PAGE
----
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David TuckerDavid Tucker 04/20/2021 at 00:540 Comments

I'm frustrated with the current state of standards in America.  Not political standards but weights and measurements.  There is a good reason we have standards, they help the consumer make better choices and reduce fraud. However it seems more and more businesses are hiding or even obfuscating there product specifications on purpose to confuse the consumer.

Most of the tests I have been doing for the last few weeks could have been set aside if the air pumps had published specs, especially specs that followed some semblance of a testing standard.  I found pumps that were rated by tank size (20-40 gallon, whatever that is), wattage, liters per hour, cubic foot per minute, gallons per hour (gallons of air?), and a wide range of pressure values as well.  If I could have looked at all the pumps and seen there cfm without pressure and cfm at 80% of max pressure I could have much more easily picked one for my machine.

The same goes for everything else.  Men's pants for example are measured in inches for the waist and length, but lack any real info beyond that.  Women's pants for some reason have 25" subtracted from there waist, and typically don't list the leg length at all, you get 'short' or 'long' instead.  Kids pants have there own measurements that further confuse everything.  To make it all worse a lot of close drop sizes all together and just go with small/medium/large.  Finally some clothing stores take a few inches off there size to make you feel better.  The end result is you can't reliably buy clothes online because the size may be all  over the place depending on where you get them from. Europe seems to have this sorted with much more standardized measurements on there clothes.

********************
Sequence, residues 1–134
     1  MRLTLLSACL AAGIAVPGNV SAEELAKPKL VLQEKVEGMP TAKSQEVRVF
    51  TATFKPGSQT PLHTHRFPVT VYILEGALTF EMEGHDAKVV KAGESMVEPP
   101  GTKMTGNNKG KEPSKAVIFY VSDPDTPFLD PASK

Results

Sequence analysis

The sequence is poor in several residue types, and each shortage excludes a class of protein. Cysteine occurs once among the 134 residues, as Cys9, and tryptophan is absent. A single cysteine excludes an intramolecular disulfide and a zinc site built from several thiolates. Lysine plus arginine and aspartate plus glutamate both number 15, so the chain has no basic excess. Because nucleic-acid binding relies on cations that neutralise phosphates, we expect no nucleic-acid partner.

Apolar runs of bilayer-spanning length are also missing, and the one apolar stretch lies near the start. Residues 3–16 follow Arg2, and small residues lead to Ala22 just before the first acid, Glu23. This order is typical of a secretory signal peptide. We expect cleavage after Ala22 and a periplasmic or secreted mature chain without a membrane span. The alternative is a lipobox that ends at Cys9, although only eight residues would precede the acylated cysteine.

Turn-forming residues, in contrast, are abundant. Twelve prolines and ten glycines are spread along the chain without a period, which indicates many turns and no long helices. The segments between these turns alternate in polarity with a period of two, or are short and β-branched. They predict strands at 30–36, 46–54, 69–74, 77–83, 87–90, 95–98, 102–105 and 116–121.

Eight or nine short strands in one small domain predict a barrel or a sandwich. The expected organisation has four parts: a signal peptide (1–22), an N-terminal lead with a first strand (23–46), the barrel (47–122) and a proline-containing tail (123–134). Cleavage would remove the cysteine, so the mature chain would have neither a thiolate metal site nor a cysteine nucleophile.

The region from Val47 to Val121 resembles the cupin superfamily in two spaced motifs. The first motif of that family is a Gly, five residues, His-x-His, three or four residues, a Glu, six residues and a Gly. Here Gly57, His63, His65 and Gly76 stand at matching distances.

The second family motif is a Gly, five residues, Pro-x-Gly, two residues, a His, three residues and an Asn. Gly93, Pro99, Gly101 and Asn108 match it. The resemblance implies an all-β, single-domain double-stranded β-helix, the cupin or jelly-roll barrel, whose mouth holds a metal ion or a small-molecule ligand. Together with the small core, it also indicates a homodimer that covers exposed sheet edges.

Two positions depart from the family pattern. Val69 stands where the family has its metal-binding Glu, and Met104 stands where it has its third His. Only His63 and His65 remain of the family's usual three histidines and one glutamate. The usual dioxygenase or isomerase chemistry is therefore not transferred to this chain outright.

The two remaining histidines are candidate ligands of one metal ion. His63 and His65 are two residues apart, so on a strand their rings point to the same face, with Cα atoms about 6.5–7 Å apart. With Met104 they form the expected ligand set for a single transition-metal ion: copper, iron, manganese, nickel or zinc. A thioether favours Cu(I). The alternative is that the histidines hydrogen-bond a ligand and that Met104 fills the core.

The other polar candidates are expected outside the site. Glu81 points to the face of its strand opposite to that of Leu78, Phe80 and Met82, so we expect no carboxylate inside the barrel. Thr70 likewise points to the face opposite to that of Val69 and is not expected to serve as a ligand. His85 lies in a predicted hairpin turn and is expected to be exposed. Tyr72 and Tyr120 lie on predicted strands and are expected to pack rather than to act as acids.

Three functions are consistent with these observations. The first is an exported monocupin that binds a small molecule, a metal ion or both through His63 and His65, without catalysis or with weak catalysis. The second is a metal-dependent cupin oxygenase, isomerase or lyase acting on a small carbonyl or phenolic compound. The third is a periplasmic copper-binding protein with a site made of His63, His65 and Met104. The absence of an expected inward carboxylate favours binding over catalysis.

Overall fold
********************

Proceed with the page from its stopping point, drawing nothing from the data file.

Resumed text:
This goes on and on, mattresses have different model numbers at different stores so you can't compare them together.  Air filters may have a MERV rating, or may have there own made up value like Home Depots FPR rating.  Some consumer air purifier filters have there own made up ratings as well (HRF for Honeywell).  I have even seen filters that have a 'HEPA like' rating.  What is hepa like anyway?  Again just listing the flow rate in CFM and the filter MERV rating would be enough to easily compare units against each other and to help judge what size would fit best for your use.

In my day job I do audio programming, among other things. Audio equipment is the worst. Go line up several speakers from your favorite pc peripheral manufacturer and you will see that they use different ratings between there own products so you can't compare them to each other.  The shenanigan's in audio land know no bounds.

I don't blame the businesses who fail to add proper ratings to there devices.  It is hard to do the right thing when someone else does the wrong. But that is what standardizing bodies and governments are for, to encourage or even demand at times that businesses act in a way that benefits the customer more than there bottom line.  We need standards and need companies to follow them, it seems mundane but it is an important part of helping consumers make informed decisions and that in turn encourages good innovations rather than smoke and mirrors to confuse and trick consumers.

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